Establishing and sustaining a partnership with families is essential to their child’s success. Strong family engagement consists of thoughtful, culturally responsive, and equity-centered strategies. Here you will find resources for authentically engaging, educating, and supporting multilingual and immigrant families as active participants in their child’s educational journey.
The Multilingual and Immigrant Family Resource Guide is designed to inform families of their educational rights regardless of immigration status and provide key resources to promote language justice and post-secondary opportunities. Through this guide, families can find out about
their child's rights as an immigrant student
how and where they can enroll their children
who they will interact with in the school
how they can be child's advocate at school
Program for English Language Learners
benefits of bilingualism
students' postsecondary options
various source of resources in the city or nationwide that support immigrant and undocumented students
Schools are encouraged to share this resource with their family-facing staff and families.
English Language Learner Identification
An English Language Learner, or ELL, is a student whose home language is not English and needs support learning English. All parents and guardians of newly enrolled students must complete a Home Language Identification Survey to let school staff know which language your child speaks at home.
If your responses show that your child speaks a language other than English at home, the school may give your child the New York State Identification Test for English Language Learners. This test measures your child’s knowledge of English and shows whether your child needs support programs and services. If the test shows that your child needs support learning English, your child will be identified as an English language learner.
You can learn more about supports for English language learners on our NYC Public Schools website.
Program Options for English Language Learners
Program Options for ELLs: Find out about the programs offered for English Language Learners: Dual Language; Transitional Bilingual Education, or English as a New Language. (translations available using Google Translate). View a list of current Bilingual Programs offered at NYC Public Schools.
In Dual Language programs, students are taught in two languages: English and their home language, such as Spanish, Chinese, or French, among others. The goal of this program is for students to be able to read, write, and speak in both English and their home language. In Dual Language classes, the home language and English are used equally.
Transitional Bilingual Education programs provide reading, writing, and other classes in English and in your child’s home language. As students’ English improves, time spent learning in English increases, and time spent learning in the home language decreases. Once your child is no longer identified as an English Language Learner, they will exit the program.
English as a New Language programs, which used to be called English as a Second Language or ESL, provide instruction in English with support in the students’ home language so that they can learn to read, write, and speak English. Students in this program can come from many different language backgrounds, and English may be the only common language among them.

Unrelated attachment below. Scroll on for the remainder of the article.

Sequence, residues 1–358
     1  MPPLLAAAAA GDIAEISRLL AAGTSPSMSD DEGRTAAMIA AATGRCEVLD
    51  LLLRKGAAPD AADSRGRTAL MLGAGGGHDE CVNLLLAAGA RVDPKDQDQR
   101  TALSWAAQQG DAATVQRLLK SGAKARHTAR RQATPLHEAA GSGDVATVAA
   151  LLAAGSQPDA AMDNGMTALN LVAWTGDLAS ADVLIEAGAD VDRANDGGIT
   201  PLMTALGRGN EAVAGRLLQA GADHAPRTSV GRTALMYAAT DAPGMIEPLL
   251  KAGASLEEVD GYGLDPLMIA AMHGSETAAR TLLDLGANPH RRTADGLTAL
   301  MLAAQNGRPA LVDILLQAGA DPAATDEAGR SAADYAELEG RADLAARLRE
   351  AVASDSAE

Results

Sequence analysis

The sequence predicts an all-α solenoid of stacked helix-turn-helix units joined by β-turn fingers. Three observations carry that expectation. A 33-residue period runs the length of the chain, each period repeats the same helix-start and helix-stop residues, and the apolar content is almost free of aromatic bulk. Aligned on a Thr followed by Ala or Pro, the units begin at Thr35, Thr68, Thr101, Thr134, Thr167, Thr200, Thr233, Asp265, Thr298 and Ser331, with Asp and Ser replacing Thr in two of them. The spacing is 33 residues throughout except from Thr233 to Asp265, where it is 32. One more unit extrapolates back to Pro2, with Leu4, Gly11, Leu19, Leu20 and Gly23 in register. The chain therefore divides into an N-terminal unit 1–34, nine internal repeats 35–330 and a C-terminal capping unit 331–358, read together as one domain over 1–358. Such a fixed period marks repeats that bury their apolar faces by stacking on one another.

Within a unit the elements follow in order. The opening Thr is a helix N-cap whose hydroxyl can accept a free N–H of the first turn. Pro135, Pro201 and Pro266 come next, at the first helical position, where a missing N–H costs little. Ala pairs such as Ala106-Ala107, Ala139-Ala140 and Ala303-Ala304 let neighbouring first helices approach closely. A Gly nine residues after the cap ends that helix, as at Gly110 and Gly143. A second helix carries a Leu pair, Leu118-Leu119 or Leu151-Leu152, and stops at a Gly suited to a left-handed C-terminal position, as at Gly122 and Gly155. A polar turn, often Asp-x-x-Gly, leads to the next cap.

Bill of Rights for Parents of English Language Learners
Know Your Rights: Part One
Know Your Rights: Part Two
What is Career and Technical Education?
Support families in understanding that Career and Technical Education (CTE) program is an available high school pathway for multilingual and immigrant students. CTE programs provide high school students with courses, skills, work experience, and professional certifications focused on in-demand careers to pursue after high school or after college. With nearly 300 CTE programs across 135 high schools, New York City offers a wide range of options for multilingual learners to explore. The vision for NYC CTE is to equitably prepare all CTE students with the education, skills, and experiences that are necessary to successfully earn postsecondary credentials and pursue careers with family-sustaining wages.
Protected Areas: Spaces Safe from Immigration Enforcement
The Department of Homeland Security issued a policy outlining what they're calling "Protected Areas," which are places where the Immigration and Customs Enforcement (ICE) and Customs and Border Protection (CBP) are generally prohibited from conducting immigration enforcement actions, except in certain circumstances. If you noticed ICE or CBP activity in any of these locations, report them to firstname.lastname@example.org or your local rapid response network. Anyone can download copies of these images in English and Spanish from this folder.
ICE & CBP arrests are prohibited at schools.
ICE & CBP arrests are prohibited at hospitals.
ICE & CBP arrests are prohibited at places of worship.
ICE & CBP arrests are prohibited at playgrounds.
ICE & CBP arrests are prohibited at social services.
ICE & CBP arrests are prohibited at shelters.
ICE & CBP arrests are prohibited at ceremonies.
ICE & CBP arrests are prohibited at rallies.
ICE and CBP arrests are also prohibited in courthouses.
Carefully review each location to further understand "Protected Areas". These images and resources are made available by the Immigrant Legal Resource Center (ILRC).